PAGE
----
Location of a proxy server (Web Proxy Auto Detection) used by Internet browsers to automatically detect proxy settings.



This entry sets the IP address of the WINS servers. You can setup up the 10 WINS servers using the entries WINS_0 to WINS_9.



The subnet mask is usually common to all clients and should be placed in the general section. This has to be the same as the subnet mask of the server machine that is setup in your network settings.


Specifying the Router / Gateway


This entry sets the IP address of the router or standard gateway. You can setup up to 10 routers by using the entries ROUTER_0 to ROUTER_9.


“ClientPC” is send to the client as the hostname entry in the DHCP options.


This is supposed to be the name of the client machine. This entry doesn’t work with Windows clients, because they do not change the computer name.


Lease time in seconds (decimal value).

LEASETIME=3600 ; 1 hour
Default: infinite

E.g. 86400 is the lease time for 1 day. Default is an infinite lease. The actual lease period for the clients IP address is the minimum of the configured LEASETIME and the lease duration the client is asking for.


LeaseEnd is specified as number of seconds since midnight (00:00:00), January 1, 1970 and defines the time at which this particular IP address expires.


This entry is automatically created by the DHCP Server.
Lease times are important when a client requests an IP address and all addresses in the IP pool are already assigned to other clients. In that case the client whose lease time (LeaseEnd) has expired least recently is deleted from the INI file and the available IP address is used for the request.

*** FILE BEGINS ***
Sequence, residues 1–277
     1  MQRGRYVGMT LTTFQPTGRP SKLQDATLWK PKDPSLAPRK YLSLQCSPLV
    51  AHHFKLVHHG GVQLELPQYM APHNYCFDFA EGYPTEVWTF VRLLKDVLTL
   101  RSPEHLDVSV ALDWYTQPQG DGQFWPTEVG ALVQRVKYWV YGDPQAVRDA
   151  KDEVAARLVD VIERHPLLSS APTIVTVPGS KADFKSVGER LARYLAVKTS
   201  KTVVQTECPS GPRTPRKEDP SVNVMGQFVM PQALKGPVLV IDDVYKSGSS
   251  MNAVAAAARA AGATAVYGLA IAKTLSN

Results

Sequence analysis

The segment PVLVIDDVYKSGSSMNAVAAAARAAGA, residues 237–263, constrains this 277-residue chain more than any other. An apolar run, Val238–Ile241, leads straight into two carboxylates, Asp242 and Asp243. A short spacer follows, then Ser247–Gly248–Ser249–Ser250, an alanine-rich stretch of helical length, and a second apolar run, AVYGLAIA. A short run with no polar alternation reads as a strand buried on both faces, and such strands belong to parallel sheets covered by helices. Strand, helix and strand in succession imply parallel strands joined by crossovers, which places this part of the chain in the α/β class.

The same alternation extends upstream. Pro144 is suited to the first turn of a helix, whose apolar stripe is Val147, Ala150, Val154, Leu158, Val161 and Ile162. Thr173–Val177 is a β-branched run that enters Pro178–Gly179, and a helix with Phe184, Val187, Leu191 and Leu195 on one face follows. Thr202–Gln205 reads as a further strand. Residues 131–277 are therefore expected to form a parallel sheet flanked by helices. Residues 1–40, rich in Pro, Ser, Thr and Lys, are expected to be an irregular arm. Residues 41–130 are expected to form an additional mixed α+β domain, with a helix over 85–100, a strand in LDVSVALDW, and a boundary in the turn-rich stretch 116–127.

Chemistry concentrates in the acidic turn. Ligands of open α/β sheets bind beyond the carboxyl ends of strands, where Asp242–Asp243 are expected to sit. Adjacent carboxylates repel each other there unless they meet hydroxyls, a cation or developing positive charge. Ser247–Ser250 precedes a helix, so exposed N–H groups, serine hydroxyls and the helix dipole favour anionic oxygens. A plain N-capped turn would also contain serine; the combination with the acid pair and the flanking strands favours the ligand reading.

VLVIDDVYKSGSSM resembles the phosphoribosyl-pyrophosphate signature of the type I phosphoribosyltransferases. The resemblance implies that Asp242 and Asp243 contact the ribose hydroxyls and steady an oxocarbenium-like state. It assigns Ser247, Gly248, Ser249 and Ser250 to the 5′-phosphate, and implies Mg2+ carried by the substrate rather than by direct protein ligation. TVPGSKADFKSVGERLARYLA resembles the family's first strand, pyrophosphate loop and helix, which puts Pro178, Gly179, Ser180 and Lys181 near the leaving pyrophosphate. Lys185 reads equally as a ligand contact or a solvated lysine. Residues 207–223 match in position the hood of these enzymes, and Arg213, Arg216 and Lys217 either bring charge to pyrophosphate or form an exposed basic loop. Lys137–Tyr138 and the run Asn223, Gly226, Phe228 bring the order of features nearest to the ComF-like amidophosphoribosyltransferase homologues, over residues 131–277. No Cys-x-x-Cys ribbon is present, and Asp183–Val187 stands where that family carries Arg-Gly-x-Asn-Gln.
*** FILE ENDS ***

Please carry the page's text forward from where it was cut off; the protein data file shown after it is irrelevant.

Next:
Specifying the IP Address.


This is the IP address that has to be assigned to the client. This is the most important entry in the client section. Since V2.6.0 you can set the IPADDR= to black list a client to prevent the client device to get an IP address assigned.


This entry should define the domain name that is send to the client machine. This is in most cases the name of the domain or workgroup that your server machine is in.



This entry sets the IP address of the DNS server. You can setup up to 10 DNS servers.



Defining the BOOTFILE.


A string that typically defines the boot file which is fetched from a TFTP server by the client.


This entry marks a client section as being created by the DHCP Server (auto configuration). Don’t touch it.



V2.4.2 released 08/17/2014. New in V2.4.2: Option strings supported up to a longer length of 1024, now. Treating in yiaddr as if no IP address is given in DHCPDISCOVER requests.


V2.4.1 released 12/27/2013. New in V2.4.1: Fixed minor bugs. Added setting ObeyParamReqList to restrict responses to the requested options. Handle client id option 61 less restrictive and assume ascii text representation by default. Package validation now checks for longer mac addresses than 16 bytes. Detection of IP configuration changes delays restart of server until currently running tftp transmission is finished.


V2.4 released 02/24/2013. New in V2.4: Fixed bugs in handling relative root paths in http and tftp function. Fixed bugs with comments in the INI file not being recognized as such in all places. Fixed bug in wizard not putting VENDORCLASS in the right section. Fixed bugs with respect to multiple scopes and relay agent when subnet mask of local network is different from the served network behind the relay agent. New extension in custom option definition to allow compact CIDR syntax and grouped sub-options with auto len tagging. Added SERVERNAME setting to define the sname field content. Redefined the virtual web pages which are created on the fly for the status page as not-cached.


V2.3.5 released 11/26/2012. New in V2.3.5: Fixed bug in DHCP Wizard handling sub-options and added a preview to the generated INI file. Fixed bug in DHCP Server that prevented IP scopes to work, when a database file is configured. Fixed bug in resolving INI file variables in database file. Added inistring to the string-expression syntax of IPSCOPE syntax.